Packet Rat: The Rat finds his server box low on capacity

The Rat

With his travel budget frozen, the Rat had been at a loss about how to get approval for a trip to an important trade show. That was until he read news accounts of an entrepreneurial'and
now incarcerated'young man who shipped himself airfreight to his parents' home in Dallas.

'It's genius,' he cried with glee over the breakfast table. 'Travel by air cargo crate'I mean, I've traveled in tighter confines. Airfreight might even be a step up from coach.'

Mrs. Rat shook her head in disbelief. 'Sure, they might be roomier than the center seat. But airfreight is still expensive. And doesn't your agency have rules about using express services?'
'Sure, but I've got the perfect solution,' the cyberrodent cackled. 'Three little letters solve everything: RMA.'

'Rising margin of airfare?' she asked, puzzled.

'No, return merchandise authorization. One of the sponsors of the conference I want to attend in California sent us a server that was dead on arrival. So I filled out an RMA request last week, and they sent me authorization to air ship it back for replacement. I'll just go along for the ride.'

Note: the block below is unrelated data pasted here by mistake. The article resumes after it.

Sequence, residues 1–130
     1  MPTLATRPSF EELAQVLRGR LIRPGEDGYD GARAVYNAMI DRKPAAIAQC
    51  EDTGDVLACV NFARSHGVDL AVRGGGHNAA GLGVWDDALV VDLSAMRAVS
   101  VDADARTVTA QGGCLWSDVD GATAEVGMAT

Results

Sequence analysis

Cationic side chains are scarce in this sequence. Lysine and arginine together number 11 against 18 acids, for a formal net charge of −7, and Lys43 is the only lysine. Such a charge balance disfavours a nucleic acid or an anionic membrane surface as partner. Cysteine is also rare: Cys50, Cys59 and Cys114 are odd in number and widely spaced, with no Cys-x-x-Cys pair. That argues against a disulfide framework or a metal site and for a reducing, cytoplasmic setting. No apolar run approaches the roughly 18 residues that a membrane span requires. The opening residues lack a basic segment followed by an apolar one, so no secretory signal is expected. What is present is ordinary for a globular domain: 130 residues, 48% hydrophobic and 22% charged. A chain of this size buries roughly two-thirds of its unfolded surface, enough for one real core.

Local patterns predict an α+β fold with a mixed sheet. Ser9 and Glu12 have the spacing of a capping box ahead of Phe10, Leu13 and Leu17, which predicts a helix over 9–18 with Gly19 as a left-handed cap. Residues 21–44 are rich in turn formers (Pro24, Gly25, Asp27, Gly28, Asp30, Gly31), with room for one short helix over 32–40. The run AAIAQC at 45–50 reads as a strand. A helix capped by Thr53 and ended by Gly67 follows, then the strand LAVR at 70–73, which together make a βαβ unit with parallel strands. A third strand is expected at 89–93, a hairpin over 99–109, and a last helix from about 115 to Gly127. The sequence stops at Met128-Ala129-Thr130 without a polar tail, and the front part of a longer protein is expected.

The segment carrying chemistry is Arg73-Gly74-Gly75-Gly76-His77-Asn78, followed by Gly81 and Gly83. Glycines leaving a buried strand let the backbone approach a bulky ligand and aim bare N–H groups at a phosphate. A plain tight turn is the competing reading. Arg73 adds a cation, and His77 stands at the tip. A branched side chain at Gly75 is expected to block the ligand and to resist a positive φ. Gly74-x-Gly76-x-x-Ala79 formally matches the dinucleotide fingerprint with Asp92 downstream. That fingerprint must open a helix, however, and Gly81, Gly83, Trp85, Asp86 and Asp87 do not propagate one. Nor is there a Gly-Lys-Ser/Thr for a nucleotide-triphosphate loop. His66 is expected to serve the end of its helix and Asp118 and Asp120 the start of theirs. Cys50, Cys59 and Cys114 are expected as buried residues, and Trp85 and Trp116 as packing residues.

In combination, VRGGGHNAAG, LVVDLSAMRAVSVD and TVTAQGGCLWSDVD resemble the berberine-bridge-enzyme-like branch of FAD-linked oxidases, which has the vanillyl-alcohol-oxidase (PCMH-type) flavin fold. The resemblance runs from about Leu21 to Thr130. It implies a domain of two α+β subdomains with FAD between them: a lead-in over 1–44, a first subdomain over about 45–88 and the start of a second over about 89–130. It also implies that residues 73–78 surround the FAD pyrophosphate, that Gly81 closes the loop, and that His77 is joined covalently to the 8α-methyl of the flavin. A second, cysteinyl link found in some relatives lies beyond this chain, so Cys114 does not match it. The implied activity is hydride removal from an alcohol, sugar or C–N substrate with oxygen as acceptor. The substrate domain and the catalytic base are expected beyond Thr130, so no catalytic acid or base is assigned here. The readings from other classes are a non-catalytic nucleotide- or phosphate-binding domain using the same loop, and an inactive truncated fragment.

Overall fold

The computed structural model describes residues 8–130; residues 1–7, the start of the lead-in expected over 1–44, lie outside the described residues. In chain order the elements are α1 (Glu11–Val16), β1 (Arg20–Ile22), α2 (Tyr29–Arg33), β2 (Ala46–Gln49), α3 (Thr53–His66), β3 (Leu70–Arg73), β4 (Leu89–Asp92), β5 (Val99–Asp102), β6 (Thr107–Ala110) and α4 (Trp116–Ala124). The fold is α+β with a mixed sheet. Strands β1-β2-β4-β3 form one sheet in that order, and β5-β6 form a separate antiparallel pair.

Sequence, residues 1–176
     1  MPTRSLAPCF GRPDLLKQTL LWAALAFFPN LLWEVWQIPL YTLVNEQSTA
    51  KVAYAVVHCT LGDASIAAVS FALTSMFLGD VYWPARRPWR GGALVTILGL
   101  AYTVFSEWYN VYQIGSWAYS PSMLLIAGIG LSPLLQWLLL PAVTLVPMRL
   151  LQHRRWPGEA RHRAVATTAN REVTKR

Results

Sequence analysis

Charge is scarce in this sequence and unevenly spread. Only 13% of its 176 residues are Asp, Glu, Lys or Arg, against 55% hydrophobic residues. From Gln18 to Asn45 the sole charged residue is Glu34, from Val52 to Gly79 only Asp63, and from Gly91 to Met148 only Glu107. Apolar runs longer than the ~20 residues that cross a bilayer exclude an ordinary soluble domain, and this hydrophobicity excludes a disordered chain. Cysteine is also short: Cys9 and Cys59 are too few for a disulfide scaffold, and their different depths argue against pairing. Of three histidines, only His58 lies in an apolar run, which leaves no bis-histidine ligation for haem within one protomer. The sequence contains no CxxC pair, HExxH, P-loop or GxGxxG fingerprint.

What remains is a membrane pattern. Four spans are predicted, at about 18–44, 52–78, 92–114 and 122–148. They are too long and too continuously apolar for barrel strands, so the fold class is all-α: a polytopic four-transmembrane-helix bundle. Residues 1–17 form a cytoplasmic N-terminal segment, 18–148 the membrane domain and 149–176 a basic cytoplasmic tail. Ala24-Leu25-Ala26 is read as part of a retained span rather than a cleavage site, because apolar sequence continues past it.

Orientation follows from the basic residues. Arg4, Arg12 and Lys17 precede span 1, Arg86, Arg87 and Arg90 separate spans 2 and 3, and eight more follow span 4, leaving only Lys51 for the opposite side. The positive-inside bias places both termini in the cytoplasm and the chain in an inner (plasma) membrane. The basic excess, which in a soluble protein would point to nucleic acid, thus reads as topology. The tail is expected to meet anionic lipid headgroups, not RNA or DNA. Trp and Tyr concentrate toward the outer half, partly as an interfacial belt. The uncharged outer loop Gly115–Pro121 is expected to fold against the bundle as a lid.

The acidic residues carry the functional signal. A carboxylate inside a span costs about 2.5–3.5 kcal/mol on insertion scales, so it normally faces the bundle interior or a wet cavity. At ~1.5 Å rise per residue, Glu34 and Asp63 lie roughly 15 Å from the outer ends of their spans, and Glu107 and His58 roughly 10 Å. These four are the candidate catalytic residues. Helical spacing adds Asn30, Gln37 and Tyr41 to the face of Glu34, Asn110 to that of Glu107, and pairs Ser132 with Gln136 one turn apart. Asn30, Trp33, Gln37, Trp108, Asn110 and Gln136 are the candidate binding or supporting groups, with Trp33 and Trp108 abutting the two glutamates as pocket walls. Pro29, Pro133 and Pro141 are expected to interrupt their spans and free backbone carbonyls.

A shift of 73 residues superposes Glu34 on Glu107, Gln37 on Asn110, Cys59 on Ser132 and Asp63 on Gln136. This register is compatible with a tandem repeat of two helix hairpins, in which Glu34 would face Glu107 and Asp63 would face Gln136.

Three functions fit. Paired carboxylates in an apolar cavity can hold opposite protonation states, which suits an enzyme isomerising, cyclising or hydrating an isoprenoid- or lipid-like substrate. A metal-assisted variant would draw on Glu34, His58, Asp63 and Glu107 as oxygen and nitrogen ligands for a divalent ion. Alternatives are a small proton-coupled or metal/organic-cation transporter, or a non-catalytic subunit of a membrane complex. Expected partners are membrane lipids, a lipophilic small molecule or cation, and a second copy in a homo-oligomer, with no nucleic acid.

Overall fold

'Oh, sure. And how about the return trip? Do you get yourself packed into a replacement server?' the Rat's better half demanded.

'Something like that. Come on, we're talking me here. I always manage to pull something off, don't I?'

'That's why I'm afraid,' she whispered as he left the room.

At the command bunker, the whiskered one's idea received a bit more respect. 'I've sat through so many webinars, I never thought I'd ever get the chance to interact with real vendors in the wild again,' one acolyte gushed. 'This could be the biggest thing since they let us stop programming in Ada!'

'Calm down, son,' the Rat admonished his overexcited underling. 'We'd have to start breaking equipment on a whole new scale. Besides, I don't think we buy many servers with boxes big enough to ship someone in. Hand me that carpet remnant, would you?' With a bit of creative reconfiguration, not to mention resoldering of the printed circuit boards, the Rat and his team built what looked like the cabin of a Mercury spacecraft within the server chassis. The wirebiter squeezed in to check the fit.

'Hmm, tighter than I expected,' he gasped as his henchmen tightened the cover of the case with power screwdrivers. 'Hey, guys, wait. Where's the escape hatch? I said we needed an ... '

Suddenly the Rat felt movement. He tried pounding on the crate to get someone's attention, but he was packed in too tightly to move his arms. 'Guys?' he yelled. 'OK, test complete. Get me out.'

Then he heard the forklift.

Three days later, a systems engineer for a large West Coast server vendor pulled an access panel off a returned server and dropped his tools in shock at the sight of a large, crazed anthropomorphic rodent wedged between the drive arrays.

'There's the problem right there,' he nodded sagely.

The Packet Rat once managed networks but now spends his time ferreting out bad packets in cyberspace. E-mail him at rat@postnewsweektech.com.

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